With all of the extra-curricular activities, the zany story and setting, and the seemingly unlimited number of things to create and accomplish, it's a good thing that the game has a solid skeleton to support its virtual obesity. We're talking about a classic, by-the-books, isometric, sprite-based strategy game. That is, if 'by-the-books' means being able to stack characters into towers for team attacks, throw them across the stage to reach areas faster, combine party members together, turn party members into weapons… yeah. Plenty of bizarre and crazy options here, too.

There's also the Geo Block system, which involves different parts of the terrain containing different properties based on special blocks that are touching groups of panels. Some of the more thoughtful maps in the game hinge on taking advantage ofor negating the effects ofGeo Blocks. And did I mention users can create and share their own maps as well? How about the fact that navigating menus and progressing through combat can be as flashy and silly or as simple and speedy as you like? Special effects can be turned off and battle speed can be quickened, so if you simply want to grind through stuff as conveniently as possible, be warned that Disgaea 4 will make going back to Final Fantasy Tactics seem painfully slow.

If strategy games are your kind of thing, there's a ton of content here. However, there's a feeling of quantity over quality with Disgaea 4. As mentioned, the presentation can be low-key for a full release PS3 game, though it definitely does it best. This becomes a noticeable problem when the flow of dialogue is abnormally slow due to the pauses in between lines. Characters get interrupted with an unnatural break before the next character speaks. The menus, while easy to find your way around, can be vague and may not offer a clear description of how strong a skill will be, or exactly how its range will increase should you choose to upgrade it. The isometric viewpoint can become an eyesore on crowded or awkwardly-shaped maps.

The story is very predictable, dragging on for longer than it needs to, and gets overly melodramatic in spite of its comedy. Seriously, I felt like throwing up a little in my mouth at certain points. For all of its brilliant tactical possibilities, the game doesn't do a good job of showing or explaining many of them to you, nor does it really present maps that force you to use many of them. To top this all off, despite the clever options at your fingertips, I came to realize that it's more effective to have one or two characters get all of the experience than to maintain a varied, well-balanced team. This kind of defeats the idea of conducting tactical combat and means that power-leveling one or two characters is the path to victory.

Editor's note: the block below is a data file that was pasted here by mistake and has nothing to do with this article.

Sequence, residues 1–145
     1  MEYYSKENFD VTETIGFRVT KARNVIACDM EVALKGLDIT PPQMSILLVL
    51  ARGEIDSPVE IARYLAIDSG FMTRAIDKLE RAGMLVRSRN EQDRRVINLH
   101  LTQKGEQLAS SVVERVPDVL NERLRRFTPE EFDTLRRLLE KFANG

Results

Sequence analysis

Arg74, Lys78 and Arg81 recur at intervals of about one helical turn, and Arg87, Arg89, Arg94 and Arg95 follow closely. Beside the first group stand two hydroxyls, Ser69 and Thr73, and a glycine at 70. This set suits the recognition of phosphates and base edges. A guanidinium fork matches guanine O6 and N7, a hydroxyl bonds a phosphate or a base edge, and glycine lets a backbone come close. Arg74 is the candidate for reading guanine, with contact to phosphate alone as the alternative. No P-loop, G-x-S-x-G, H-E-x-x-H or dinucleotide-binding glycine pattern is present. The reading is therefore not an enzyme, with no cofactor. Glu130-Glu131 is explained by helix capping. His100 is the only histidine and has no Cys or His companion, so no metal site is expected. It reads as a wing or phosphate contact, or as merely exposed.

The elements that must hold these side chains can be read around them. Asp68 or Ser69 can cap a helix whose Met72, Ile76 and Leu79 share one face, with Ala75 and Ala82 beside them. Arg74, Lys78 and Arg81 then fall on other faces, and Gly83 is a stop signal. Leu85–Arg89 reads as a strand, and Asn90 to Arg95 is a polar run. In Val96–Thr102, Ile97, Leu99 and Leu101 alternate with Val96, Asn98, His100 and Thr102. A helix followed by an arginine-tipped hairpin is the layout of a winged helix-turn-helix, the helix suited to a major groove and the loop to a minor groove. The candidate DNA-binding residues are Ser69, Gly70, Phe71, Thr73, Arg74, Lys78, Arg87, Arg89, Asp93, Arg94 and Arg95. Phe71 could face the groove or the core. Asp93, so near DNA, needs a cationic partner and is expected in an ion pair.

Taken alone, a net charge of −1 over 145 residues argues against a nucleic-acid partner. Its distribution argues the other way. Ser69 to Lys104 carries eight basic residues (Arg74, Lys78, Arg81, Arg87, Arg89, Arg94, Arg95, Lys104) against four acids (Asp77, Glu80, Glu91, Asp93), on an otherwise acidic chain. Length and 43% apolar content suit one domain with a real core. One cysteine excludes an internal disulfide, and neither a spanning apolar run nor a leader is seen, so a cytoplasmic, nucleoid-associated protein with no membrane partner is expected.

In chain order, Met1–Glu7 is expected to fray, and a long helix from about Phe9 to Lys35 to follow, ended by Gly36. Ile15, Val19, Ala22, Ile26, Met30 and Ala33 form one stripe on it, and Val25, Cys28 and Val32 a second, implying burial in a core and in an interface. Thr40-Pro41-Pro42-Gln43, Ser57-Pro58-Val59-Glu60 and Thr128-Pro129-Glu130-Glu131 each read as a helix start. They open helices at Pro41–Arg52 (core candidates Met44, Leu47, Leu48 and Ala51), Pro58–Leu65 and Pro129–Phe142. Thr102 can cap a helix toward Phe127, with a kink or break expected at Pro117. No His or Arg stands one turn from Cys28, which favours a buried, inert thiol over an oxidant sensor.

Lastly, but perhaps most importantl, Disgaea 4 is a very Japanese game. I cannot state enough that if loud, dramatically convoluted dialogue is not your thing, this game will be excruciating to play. To its credit, it is quite self-aware and mocks this very fact on occasion, but it also blatantly tosses around certain Japanese names/words here and there (usually in reference to sardines, over which the protagonist is amusingly obsessed) as if that's not a big deal. That said, if you're one of those purists who can't stand cheesy English overacting but can stand cheesy Japanese overacting for whatever reason, you're covered since you can opt for Japanese audio instead.

At the end of the day, that's really what Disgaea 4 is all abouta multitude of options and possibilities that allow different players to approach it from a myriad of different angles. Its presentation isn't quite what it could be, and for all of its brilliant mechanics, there are a few issues, but Disgaea 4 definitely maintains the standard that I imagine its fans have come to expect and is actually worth checking out if you're like me and have never played a game in the franchise before. Just watch out for all those souls damned to Hell stuck wearing exploding penguin suits, dood.


Dozens of hours worth of content and beyond
Creative setting, style, and humor
More time and thought = Better results
Writing can drag on and get irritating
Interface and mechanics can be vague
Presentation will be lackluster to those not used to this style